Sustaining Public Sector Technological Leadership

CIO Review APAC | Thursday, November 25, 2021

While these vectors and plays have proven transformative for various high-performing technology functions, CIOs have approached the change differently.

FREMONT, CA: While these vectors and plays have proven transformative for various high-performing technology functions, CIOs have approached the change differently. While most government institutions have initiated programs to improve their technology during the last several years, just a few have succeeded in implementing a thorough technological transformation. Public-sector companies are frequently beset by mistrust from business partners, problems attracting top people, and complex legacy ecosystems that impede their ability to make rapid transformational changes. Each year, the federal government invests over $85 billion in technology programs, but success has proven challenging, and the government is lagging more behind private-sector peers.

In the public sector, chief information officers (CIOs) have played various roles in technology transformation, ranging from enablers to thought leaders to program directors. This year's shift provides a chance for CIOs to seize the initiative and lead a more transformative reimagining of their organisations' technology. New leaders will seek novel methods to modernise, and technology will likely be at the top of their list, following several years of innovation pushed by the COVID-19 problem. The next administration's indication that it will invest extensively in IT modernisation demonstrates the opportunity ahead.

However, the window of opportunity for change is frequently relatively narrow, and the momentum behind the transition is more transient than is typically necessary to design a technology revolution. As a result, it is critical to draw lessons from previous transitions and plan for the technological imperatives of modernisation.

Below are some vectors of technology modernisation in this post and offer recommendations on properly employing a transition to accelerate this modernisation.

Vector #1: A redefined business-focused role for technology. Practical technology activities are inextricably linked to other business processes, but top CIOs take this further by allowing technology to drive the business. This means redefining technology's role in advancing the business purpose through a technology-led strategy (play #1), a product- and platform-centric operating mode (play #2), and technology functions taking on the role of stewards of entirely digitised customer and user journeys (play #3).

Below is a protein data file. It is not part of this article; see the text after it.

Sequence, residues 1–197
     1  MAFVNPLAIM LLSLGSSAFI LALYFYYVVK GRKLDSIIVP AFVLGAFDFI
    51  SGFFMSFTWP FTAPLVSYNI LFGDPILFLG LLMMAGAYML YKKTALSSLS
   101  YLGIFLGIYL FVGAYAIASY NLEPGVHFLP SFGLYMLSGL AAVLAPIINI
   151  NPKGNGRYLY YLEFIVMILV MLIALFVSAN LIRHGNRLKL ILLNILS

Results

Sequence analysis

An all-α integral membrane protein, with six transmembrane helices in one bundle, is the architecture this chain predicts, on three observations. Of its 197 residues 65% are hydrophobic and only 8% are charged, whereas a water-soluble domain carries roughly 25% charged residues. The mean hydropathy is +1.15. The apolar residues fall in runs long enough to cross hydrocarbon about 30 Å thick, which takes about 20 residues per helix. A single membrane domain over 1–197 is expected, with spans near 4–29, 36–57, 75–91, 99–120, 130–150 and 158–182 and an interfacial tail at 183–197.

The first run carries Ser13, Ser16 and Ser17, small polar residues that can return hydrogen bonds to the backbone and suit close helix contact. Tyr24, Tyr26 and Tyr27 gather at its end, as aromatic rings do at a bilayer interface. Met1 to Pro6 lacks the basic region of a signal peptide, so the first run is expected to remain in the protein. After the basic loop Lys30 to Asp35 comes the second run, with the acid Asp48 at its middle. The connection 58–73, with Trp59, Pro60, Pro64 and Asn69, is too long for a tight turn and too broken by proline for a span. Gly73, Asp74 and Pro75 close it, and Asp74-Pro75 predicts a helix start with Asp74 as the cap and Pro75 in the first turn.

Vector #2: A flexible and rapid technology delivery model. Modern technology functions structure their delivery strategies to keep up with rapidly changing client and employee needs. Through agile delivery approaches, technology teams prioritise tasks that have the greatest potential to assist their organisations in achieving desired performance benefits (play #4). By automating development, testing, and deployment procedures, next-generation infrastructure services, frequently hosted in the cloud, expedite delivery and stabilise the technology environment (play #5). To enhance the quality and efficiency of their work, modern technology functions employ highly experienced technologists to do mission-critical work in-house (play #6). Additionally, they partner with a diverse set of vendors (intentionally ranging from niche engineering firms to large-scale systems integrators, hyperscalers, and software-as-a-service [SaaS] firms) to assist in closing gaps in in-house capabilities, utilising contracts that reward vendors for delivering business outcomes rather than merely augmenting in-house capacity (play #7).

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